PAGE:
Bad Astronomy 9 Jun 2009, 18:00 UTC As mentioned last week, on Wednesday the Japanese lunar spacecraft Kaguya will impact the Moon. I don’t know if the impact will be visible using small (meaning maybe 40cm) telescopes, but if you have something like that with a CCD or video camera, you should give it a try! The Planetary Society has some details if you wish to participate in observing this event. Remember, the impact is is supposed to happen around 18:26 GMT Wednesday night. I’m expecting to be socked in with clouds tomorrow night, but I don’t have the right equipment anyway. But we’ll see… I bet come Thursday morning the web will be buzzing with images! If you are able to get something interesting, post them at the Bad Astronomy Universe Today forum, and link to them in the comments here. Or, of course, if you have Celestron equipment, submit them to the astrophotography contest!
IYA2009 Updates 9 Jun 2009, 17:07 UTC AAS PRESS CONFERENCE, TUESDAY, JUNE 9, 2009, 10:30 a.m. PDT: INTERNATIONAL YEAR OF ASTRONOMY 2009 US UPDATE Information on how off-site reporters can participate in the briefing via Internet. Internet Slidecast: Point your Web browser to http://aas214.showmaestro.com/press/
Bad Astronomy 9 Jun 2009, 14:30 UTC Yesterday, The Boston Globe’s feature The Big Picture features shots from the Mercury MESSENGER probe. Regular readers know I love this little spacecraft, and have written about it many times. TBP has some great images, including this one: That’s Kuiper crater on Mercury, and if you showed it to me with no advance notice I’d swear it was Tycho on our own Moon. Mercury and the Moon are very similar in many ways, in fact, but Mercury is still holding back a lot of secrets from us.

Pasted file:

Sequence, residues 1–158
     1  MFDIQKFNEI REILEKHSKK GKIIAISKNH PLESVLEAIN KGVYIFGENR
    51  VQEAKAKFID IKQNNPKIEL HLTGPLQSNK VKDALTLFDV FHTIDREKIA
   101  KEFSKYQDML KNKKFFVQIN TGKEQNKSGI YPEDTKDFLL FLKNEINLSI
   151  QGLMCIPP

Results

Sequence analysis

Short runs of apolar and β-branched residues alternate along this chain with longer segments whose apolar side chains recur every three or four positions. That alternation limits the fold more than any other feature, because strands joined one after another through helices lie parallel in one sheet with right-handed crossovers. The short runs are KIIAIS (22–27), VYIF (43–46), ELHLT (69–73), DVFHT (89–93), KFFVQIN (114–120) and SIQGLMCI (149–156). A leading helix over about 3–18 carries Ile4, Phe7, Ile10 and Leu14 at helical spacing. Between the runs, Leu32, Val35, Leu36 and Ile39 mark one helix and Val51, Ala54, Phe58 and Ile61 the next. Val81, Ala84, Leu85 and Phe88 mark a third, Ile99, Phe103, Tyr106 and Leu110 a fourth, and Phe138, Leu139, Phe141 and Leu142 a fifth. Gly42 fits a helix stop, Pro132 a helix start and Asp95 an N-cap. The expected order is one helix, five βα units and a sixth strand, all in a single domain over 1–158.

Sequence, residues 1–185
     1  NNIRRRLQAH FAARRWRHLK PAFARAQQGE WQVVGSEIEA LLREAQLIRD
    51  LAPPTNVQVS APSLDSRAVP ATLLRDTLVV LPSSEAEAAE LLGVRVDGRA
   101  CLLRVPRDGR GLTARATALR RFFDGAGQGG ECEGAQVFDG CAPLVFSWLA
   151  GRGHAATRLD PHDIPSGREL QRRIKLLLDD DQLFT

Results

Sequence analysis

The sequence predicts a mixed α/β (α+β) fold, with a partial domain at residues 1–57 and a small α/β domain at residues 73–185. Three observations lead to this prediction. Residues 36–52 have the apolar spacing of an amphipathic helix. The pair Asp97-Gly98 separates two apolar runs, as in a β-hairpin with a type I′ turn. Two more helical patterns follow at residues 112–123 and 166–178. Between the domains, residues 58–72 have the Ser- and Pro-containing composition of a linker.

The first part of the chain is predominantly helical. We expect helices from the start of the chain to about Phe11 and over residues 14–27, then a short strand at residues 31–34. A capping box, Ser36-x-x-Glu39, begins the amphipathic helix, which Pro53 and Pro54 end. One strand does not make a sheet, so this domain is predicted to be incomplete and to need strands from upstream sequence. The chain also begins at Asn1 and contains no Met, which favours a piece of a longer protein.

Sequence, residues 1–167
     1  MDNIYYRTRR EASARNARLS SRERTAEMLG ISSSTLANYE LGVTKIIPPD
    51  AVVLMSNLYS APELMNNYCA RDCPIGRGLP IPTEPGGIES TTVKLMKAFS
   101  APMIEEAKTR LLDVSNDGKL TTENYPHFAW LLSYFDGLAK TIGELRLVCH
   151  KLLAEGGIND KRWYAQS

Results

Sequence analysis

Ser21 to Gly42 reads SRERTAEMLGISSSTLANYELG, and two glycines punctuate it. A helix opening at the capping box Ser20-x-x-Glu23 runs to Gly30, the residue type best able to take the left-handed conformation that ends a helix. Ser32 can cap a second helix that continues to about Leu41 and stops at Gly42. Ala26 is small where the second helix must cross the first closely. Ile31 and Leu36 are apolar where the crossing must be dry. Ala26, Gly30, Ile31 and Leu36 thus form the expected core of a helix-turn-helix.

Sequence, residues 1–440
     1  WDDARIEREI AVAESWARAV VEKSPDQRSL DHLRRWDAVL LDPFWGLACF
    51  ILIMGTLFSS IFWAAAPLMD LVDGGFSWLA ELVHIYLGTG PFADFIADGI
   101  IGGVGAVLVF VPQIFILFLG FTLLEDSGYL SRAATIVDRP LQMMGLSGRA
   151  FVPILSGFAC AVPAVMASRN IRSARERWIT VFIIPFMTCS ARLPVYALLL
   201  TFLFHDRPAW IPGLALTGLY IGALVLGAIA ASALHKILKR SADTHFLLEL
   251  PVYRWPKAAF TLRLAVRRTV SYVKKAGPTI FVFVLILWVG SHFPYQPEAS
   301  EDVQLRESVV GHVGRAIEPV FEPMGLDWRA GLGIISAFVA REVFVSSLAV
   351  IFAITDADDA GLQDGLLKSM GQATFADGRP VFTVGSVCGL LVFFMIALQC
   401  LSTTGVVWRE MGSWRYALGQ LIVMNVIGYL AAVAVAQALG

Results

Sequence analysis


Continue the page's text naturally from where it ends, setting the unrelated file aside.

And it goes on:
collectSPACE.com: Space History News 9 Jun 2009, 13:00 UTC Ever since Neil Armstrong took his "one giant leap" onto the Moon's surface forty years ago this July, the world has never gotten a good look at him during that event. Now, in a new book, a new image of the Apollo astronaut brings readers face-to-face with Neil Armstrong on the Moon.
Lunar Networks 9 Jun 2009, 08:31 UTC From Chuck Wood (LOPD)"If you live in Asia and Australia you have a rare opportunity for an observing adventure tomorrow. On June 10th at 18:30 UT the Japanese lunar orbiter Kaguya (originally called Selene) will end its two years of science with a final impact experiment."Read all about HERE.
Space Fellowship 9 Jun 2009, 08:23 UTC (NASA) - After an off-duty weekend, the International Space Station’s Expedition 20 crew was back in action Monday with tasks highlighted by Commander Gennady Padalka and Flight Engineer Michael Barratt preparing for their upcoming “internal” spacewalk. Padalka and Barratt replaced batteries in their Russian Orlan spacesuits and checked out internal airlock systems in advance of [...]
Space Fellowship 9 Jun 2009, 08:21 UTC (NASA) - Gamma-ray bursts are the universe’s biggest explosions, capable of producing so much light that ground-based telescopes easily detect it billions of light-years away. Yet, for more than a decade, astronomers have puzzled over the nature of so-called dark bursts, which produce gamma rays and X-rays but little or no visible light. They make [...]
Cosmic Diary 9 Jun 2009, 07:48 UTC A lot of good stuff came out of the week I spent with Cedric. We’re on track to release a colossal amount of V.S.O.P. data to the public before the end of the year. What is V.S.O.P?? It stands for “Variable Stars One-shot Project” and it’s a project I started with friends and colleagues back in Chile some years ago. The idea is to use all the little time intervals where the telescopes of ESO or Gemini are not doing anything else - be it because clouds are passing by, the seeing got bad, or they’re waiting to time the next observation just right - to take quick spectra of unstudied variable stars. These spectra are then getting analyzed by our automatic software and the results posted on the project wiki along with the original data. The first data release took place in 2007 and we’re now getting ready for the second release (called DR2). What good all this data can do will be the subject of a future post.